What is the sclerotherapy procedure like?

Sclerotherapy can enhance your appearance and your self confidence, but it's unrealistic to believe that every affected vein will disappear completely as a result of treatment. After each sclerotherapy session, the veins will appear lighter. Two or more sessions are usually required to achieve optimal results.

You should also be aware that the procedure treats only those veins that are currently visible; it does nothing to permanently alter the venous system or prevent new veins from surfacing in the future.

Before you decide to have sclerotherapy, think carefully about your expectations and discuss them with your doctor.

 

What is it like after sclerotherapy?

In addition to the compression tape applied during the procedure, tight-fitting support hose may be prescribed to guard against blood clots and to promote healing. The tape and cotton balls can be removed after 48 hours. However, you may be instructed to wear the support hose for 72 hours or more.

It's not uncommon to experience some cramping in the legs for the first day or two after the injections. This temporary problem usually doesn't require medication.

You should be aware that your treated veins will look worse before they begin to look better. When the compression dressings are removed, you will notice bruising and reddish areas at the injection sites. The bruises will diminish within one month. In many cases, there may be some residual brownish pigmentation which may take up to a year to completely fade.

 

How much will it cost for sclerotherapy?

The procedure costs $300 for 5 cc of solution. If you do not have stockings, the cost of the stockings is around $79 for each stocking.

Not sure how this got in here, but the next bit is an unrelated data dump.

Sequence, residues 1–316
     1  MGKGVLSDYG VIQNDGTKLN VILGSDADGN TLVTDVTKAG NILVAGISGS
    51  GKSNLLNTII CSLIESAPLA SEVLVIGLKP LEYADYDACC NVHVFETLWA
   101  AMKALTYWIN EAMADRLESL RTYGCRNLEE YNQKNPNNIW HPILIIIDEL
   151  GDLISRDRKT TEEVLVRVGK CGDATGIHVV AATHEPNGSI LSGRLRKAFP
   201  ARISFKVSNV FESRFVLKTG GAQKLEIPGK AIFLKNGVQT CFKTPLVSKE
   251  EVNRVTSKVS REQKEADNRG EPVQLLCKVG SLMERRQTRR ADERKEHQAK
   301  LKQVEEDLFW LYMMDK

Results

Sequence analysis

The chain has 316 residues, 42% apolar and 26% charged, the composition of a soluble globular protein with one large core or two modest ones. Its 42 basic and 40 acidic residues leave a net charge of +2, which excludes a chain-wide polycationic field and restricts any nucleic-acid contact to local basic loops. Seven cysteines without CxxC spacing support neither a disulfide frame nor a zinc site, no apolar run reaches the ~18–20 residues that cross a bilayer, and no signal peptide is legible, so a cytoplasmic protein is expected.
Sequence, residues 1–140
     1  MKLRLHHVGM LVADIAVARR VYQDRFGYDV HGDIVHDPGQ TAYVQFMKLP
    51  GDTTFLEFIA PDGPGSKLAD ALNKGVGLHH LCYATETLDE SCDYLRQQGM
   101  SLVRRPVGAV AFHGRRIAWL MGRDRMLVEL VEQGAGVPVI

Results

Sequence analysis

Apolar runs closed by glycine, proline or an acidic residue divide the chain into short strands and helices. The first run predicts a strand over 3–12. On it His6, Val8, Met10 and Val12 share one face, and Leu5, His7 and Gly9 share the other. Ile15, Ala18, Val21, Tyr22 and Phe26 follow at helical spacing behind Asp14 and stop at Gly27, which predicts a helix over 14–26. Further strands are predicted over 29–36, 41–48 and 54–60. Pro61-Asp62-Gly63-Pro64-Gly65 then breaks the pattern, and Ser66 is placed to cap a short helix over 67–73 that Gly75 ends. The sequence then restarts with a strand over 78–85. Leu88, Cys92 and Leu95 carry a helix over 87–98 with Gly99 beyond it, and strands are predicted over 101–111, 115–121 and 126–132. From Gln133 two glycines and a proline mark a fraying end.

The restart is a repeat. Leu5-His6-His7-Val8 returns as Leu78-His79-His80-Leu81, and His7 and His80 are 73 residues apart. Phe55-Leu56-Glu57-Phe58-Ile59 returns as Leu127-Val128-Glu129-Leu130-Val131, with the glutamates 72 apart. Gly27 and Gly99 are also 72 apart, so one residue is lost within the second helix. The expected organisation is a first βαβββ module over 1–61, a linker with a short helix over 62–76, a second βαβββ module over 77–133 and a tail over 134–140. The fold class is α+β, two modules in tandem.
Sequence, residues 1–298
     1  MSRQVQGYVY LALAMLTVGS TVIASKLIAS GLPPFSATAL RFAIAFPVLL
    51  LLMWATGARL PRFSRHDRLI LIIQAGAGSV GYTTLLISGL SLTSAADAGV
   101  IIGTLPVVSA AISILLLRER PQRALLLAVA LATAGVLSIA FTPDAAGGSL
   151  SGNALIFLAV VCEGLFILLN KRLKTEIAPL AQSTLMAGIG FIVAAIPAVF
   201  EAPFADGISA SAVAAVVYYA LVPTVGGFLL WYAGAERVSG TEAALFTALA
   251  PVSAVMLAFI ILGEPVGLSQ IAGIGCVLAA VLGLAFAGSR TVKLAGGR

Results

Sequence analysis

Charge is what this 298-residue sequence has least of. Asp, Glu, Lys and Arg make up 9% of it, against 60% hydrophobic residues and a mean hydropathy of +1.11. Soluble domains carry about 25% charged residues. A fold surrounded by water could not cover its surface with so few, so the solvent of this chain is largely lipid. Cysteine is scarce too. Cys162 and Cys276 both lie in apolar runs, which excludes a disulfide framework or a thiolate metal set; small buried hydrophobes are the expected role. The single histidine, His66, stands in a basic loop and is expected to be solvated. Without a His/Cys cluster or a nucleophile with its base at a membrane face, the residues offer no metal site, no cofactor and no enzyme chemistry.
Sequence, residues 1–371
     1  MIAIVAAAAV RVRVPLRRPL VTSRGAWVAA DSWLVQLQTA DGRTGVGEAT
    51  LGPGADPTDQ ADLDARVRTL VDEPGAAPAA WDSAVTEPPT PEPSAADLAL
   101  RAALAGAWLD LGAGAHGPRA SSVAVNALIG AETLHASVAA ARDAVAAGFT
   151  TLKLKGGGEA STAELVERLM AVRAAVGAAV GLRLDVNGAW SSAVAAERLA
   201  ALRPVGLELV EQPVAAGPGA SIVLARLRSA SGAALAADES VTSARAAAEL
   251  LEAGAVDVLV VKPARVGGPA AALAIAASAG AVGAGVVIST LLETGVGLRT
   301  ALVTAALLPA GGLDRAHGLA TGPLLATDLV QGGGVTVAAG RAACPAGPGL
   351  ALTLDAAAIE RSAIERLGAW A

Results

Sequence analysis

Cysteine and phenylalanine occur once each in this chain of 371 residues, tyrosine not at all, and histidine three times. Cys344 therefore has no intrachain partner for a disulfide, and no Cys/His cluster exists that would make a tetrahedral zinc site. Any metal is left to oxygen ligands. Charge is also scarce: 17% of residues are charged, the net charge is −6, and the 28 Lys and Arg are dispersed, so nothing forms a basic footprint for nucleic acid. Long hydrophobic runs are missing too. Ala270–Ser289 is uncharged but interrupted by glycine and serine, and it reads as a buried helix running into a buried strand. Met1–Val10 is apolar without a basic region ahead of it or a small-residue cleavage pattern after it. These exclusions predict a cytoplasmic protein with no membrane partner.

(The cost of stockings for both legs would be $158; this charge is approximate and depends upon where the stockings are purchased.)

 

What are the complications with sclerotherapy?

In most cases, the pain, discomfort and swelling associated with the veins disappears within days, and the vessels slowly resolve over several months. Serious complications following sclerotherapy are rare.

  • Allergy from the sclerosant (this does not occur with hypertonic saline).

  • Ulceration. This will eventually heal, leaving a small scar, or may be removed surgically. If an artery is inadvertently treated, the surrounding tissue may die (necrose), which is potentially serious.

  • Deep-venous thrombosis. The risk is very small when venules are treated but it occasionally follows sclerotherapy of larger varicose veins. It is more likely in those predisposed to blood clotting through inherited thrombophilia, lack of exercise, air travel, after major operations and other reasons. Deep-venous thrombosis may rarely lead to potentially serious pulmonary emboli (clots in the blood vessels of the lungs) in about 1 in every 10,000 procedures.

  • Staining or brown pigmentation at the site or along the line of the vein. This occurs in about 30% of patients. In most cases, this resolves, but it may take many months.

  • Temporary bruising. Bruises at the injection sites; are quite common but resolve within a week or so.

  • Capillary matting. This is an increase in the number of fine red vessels around the injection site: it may disappear on its own, or can be treated by further injections or a vascular laser.

 

What are my limitations after sclerotherapy?